“We share the earth not only with our fellow human beings, but with all the other creatures.” – The Dalai Lama
Yes, we are a bit obsessed with storage. Living in a small space and being a crafter aren’t always a good match. Whenever possible, we both look for furniture with built-in storage. A coffee table/blanket chest can serve as craft storage. Or those great new ottomans at CostPlus that have storage AND a tray built-in. There’s your craft work table in 2 square feet.
One of our best finds was a Duo-Bed daybed that a friend was selling. It looks like a funky 60s couch, but the seat cushion pulls out into a single bed. You can just see the plastic blanket box underneath, which houses the knitting yarn stash. The best part of the Duo-Bed is the backrest, which flips up to reveal a small bookcase. Just the right height for DVD storage – or storing cones of weaving yarn. Nothing gets dusty and you can see all your supplies at once.
“Organizing is what you do before you do something, so that when you do it, it is not all mixed up.” – A. A. Milne
The other star of our space-limited crafting show is a Schacht folding floor loom. Schacht Spindle, http://www.schachtspindle.com/ , located in Boulder, Colorado, has been making quality looms for 40 years. One of their most popular is the Baby Wolf folding loom. Folded up, it is 34” wide and 18” deep. You can buy the wheels/stroller and roll it into a corner or closet when you aren’t using it. You can even fold it up mid-project and put it away.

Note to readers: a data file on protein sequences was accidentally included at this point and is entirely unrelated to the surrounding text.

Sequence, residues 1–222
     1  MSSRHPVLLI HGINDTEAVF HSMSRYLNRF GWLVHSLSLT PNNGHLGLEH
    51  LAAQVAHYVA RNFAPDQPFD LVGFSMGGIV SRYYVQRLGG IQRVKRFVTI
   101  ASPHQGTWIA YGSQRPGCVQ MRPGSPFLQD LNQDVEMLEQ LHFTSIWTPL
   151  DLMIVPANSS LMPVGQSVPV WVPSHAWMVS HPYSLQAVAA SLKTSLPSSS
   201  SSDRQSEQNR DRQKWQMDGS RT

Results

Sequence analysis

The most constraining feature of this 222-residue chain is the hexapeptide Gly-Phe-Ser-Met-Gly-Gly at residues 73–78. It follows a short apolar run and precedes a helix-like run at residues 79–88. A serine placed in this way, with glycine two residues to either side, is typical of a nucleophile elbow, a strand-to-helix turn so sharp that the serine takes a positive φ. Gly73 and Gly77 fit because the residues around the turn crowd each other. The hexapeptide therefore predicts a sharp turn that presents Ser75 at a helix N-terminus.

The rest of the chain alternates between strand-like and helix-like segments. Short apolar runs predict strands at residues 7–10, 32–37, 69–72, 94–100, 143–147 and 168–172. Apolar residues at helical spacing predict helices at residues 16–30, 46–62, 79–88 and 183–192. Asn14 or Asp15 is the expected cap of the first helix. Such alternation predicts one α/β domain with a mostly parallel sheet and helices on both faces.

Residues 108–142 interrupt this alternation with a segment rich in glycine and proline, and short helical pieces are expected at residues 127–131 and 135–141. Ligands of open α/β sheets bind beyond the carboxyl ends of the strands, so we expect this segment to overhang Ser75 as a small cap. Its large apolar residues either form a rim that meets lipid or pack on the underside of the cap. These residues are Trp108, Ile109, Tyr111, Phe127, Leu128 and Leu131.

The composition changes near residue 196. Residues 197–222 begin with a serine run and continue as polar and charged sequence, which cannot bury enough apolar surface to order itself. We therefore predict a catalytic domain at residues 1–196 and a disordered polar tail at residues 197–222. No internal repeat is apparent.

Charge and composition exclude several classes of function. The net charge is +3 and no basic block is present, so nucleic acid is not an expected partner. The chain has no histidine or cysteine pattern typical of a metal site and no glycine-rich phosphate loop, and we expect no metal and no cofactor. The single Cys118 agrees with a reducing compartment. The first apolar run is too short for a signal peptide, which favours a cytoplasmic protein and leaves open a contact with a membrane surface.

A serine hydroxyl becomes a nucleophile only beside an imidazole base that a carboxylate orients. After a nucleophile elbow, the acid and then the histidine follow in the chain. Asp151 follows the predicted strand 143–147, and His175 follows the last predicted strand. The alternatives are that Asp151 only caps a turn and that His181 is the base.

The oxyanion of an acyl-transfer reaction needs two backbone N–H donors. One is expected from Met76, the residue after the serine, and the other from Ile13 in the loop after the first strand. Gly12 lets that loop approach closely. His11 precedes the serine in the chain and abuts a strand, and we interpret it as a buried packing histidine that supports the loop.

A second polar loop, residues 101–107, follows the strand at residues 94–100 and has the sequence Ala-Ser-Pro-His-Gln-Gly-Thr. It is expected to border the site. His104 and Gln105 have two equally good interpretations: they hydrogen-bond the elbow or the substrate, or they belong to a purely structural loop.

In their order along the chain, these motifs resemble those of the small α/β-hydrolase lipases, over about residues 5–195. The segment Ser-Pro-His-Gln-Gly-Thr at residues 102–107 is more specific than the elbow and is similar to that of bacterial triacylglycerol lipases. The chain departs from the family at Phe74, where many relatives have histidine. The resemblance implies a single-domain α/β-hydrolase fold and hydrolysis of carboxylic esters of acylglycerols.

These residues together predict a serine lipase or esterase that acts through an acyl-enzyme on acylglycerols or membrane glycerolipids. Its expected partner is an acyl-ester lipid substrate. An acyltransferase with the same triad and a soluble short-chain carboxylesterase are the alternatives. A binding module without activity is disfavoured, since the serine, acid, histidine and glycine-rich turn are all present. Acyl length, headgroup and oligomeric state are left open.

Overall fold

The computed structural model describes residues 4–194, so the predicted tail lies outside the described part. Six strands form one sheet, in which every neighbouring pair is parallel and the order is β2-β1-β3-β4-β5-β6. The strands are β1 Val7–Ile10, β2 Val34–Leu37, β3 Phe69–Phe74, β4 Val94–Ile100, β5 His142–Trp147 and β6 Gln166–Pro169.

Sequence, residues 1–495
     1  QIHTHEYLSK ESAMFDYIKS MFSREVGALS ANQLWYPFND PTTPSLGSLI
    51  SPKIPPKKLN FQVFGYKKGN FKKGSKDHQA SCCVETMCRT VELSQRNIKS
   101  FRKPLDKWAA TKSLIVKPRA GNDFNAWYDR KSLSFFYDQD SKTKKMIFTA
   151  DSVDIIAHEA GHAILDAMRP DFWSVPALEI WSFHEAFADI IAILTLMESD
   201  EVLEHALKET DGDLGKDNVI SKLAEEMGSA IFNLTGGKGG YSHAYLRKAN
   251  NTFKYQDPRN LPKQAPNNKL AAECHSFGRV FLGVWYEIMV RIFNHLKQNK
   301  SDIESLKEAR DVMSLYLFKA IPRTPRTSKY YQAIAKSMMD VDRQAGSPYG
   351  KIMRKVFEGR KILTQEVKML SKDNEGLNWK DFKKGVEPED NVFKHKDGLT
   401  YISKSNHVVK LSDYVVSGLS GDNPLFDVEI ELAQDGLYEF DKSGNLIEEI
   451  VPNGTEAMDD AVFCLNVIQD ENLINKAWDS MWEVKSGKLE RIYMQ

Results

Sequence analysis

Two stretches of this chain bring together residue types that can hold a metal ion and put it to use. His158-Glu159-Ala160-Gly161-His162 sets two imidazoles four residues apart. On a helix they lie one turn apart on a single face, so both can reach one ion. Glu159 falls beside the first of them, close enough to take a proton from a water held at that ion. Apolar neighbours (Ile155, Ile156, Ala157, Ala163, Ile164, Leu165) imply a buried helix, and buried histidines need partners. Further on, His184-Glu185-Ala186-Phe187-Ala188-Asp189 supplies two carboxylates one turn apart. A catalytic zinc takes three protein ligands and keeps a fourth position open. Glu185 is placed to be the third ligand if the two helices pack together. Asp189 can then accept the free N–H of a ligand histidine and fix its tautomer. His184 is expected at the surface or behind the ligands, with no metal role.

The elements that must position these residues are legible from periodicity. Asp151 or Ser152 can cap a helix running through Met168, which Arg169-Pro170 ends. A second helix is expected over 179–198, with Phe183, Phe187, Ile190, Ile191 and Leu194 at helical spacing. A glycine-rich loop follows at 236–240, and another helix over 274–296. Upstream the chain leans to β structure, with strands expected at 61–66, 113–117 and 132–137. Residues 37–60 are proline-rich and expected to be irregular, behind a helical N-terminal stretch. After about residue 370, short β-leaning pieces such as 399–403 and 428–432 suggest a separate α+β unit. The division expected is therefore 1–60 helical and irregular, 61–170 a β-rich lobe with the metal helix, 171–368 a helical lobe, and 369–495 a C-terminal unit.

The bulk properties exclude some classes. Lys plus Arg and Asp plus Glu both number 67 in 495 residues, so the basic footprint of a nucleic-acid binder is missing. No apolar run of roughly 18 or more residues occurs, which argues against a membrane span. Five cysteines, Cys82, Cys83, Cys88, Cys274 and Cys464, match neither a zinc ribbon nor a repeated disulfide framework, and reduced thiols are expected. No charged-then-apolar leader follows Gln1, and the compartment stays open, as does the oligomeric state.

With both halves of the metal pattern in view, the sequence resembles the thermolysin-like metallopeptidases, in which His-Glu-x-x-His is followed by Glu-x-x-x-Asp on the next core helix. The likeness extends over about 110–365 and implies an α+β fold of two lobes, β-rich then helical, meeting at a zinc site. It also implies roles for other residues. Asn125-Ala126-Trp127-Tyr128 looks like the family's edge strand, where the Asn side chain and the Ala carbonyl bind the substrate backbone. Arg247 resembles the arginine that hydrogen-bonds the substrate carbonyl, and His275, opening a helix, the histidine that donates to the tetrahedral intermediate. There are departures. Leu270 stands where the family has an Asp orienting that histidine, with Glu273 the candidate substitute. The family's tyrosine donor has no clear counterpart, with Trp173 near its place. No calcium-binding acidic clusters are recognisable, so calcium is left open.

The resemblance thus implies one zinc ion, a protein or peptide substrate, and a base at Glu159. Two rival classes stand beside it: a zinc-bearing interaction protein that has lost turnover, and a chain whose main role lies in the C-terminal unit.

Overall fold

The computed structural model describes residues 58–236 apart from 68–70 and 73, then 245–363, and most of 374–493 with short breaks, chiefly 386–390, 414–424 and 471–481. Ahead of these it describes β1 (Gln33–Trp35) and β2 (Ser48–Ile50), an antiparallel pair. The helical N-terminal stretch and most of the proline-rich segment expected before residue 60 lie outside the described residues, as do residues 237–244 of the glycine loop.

I found this one on craigslist for 1/5 of retail – what a steal! I took weaving classes at Shuttles, Spindles, and Skeins, http://www.shuttlesspindlesandskeins.com/ , a brilliant local weaving shop. Judy Steinkoenig is one of the best teachers and weavers around, and she’s available 5-6 days a week at Shuttles for questions and advice. In fact, no one at that shop could be considered a “grumpy yarn lady” and they’re always willing to help. They’re even happy to help you if you purchased your yarn at a different shop – and very few places will do that!
“We sleep, but the loom of life never stops, and the pattern which was weaving when the sun went down is weaving when it comes up in the morning.” – Henry Ward Beecher
Before you get the wrong idea, neither of us has a fabulous home studio for crafting. We both work at least one outside job, in some cases more, and we have very small living spaces. Crafting is something we do to make each day as creative as possible, but we have to be realistic in our approach. We can gaze longingly at those coffee table books about setting up a home studio, but neither of us has the money or space to store the book much less have the studio!
You can still make crafting work, regardless of your employment or living arrangements, you just have to be logical in your organization. Case in point (pun intended), this great wheeled suitcase purchased years ago. As a travel accessory, it is fairly useless when compared to more modern luggage. But as craft storage, it works brilliantly. This simple wheeled suitcase holds 13 plastic bead cases, top loaded. 13! Plus the pliers, crimpers, clips, and other tools needed for beading.
When you want to craft, you take out all the supplies and put them on the table. Or sit on the floor, open up each bead case, and surround yourself with all the creative options at once. When you’re done for the day, pack it all up into one suitcase and tuck it away in a corner or closet. That’s it, our entire jewelry-making business in roughly 3 cubic feet. So worry less about where you craft, and spend time on the crafting itself. Check out your local thrift shops for sturdy, compact storage options for your own jewelry-studio-in-a-case.
“I have a small house so I borrow everything except art, that’s what I love.” – Salma Hayek